Alan, this is topical here in North Texas.
Lots of news footage and year-after survival stories on the 12 plus tornadoes that hit.
Biggest was an F4 and on the ground in Rowlett four more than 4 minutes. Several have rebuilt or patched together their lives, more have not.
Effective use of form, and that dangle-behind “e”.
Recognised this as a concrete poem but tornadoes didn’t come to mind. I saw the ku as a plume of rising smoke and the name of Aleppo. No doubt a sign of a good poem is its capacity for differing interpretations.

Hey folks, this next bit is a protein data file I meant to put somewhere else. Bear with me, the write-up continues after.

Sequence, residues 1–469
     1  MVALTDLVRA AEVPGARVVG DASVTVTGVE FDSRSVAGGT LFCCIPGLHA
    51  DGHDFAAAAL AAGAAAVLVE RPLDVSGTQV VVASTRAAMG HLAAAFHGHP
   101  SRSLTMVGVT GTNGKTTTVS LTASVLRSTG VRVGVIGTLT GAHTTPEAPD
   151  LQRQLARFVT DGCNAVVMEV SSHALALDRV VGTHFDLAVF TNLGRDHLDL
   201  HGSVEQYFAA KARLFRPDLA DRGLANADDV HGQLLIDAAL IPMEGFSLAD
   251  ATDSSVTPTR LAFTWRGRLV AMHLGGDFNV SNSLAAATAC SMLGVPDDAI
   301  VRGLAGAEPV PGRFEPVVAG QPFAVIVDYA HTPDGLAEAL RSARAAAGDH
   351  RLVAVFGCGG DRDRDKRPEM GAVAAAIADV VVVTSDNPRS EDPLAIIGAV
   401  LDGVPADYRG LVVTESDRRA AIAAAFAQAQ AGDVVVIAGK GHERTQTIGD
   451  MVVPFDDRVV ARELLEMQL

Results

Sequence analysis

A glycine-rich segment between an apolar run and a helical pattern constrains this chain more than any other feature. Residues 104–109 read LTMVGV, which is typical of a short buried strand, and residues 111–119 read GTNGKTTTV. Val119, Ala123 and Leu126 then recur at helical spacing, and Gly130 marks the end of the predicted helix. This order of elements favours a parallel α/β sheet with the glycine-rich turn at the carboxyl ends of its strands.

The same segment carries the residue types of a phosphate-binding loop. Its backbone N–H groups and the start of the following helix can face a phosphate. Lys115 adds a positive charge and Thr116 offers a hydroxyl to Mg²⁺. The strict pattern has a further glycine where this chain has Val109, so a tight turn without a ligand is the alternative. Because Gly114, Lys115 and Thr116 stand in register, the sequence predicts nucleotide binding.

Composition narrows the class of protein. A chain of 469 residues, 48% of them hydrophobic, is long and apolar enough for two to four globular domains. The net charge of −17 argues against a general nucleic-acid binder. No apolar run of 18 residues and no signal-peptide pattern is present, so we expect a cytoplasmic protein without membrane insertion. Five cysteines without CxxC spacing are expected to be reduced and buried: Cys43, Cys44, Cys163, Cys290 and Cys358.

I like the way the juxt of this ku sits between its linear information content and unorthodox shape. I felt compelled to read a cut/juxt after ‘here’ despite there being no obvious indicator. Was this meant deliberately as a way of illustrating the narrator’s sense of disbelief at seeing the disruption or destruction of the world as they know it?
How interesting, Alan – perhaps it's because we don't get tornadoes here in Ireland, but I read this as the narrator walking down an old, familiar path that eventually disappears because it is now overgrown. It worked for me with that reading, but I like the fact that it's tornado-shaped even more! :)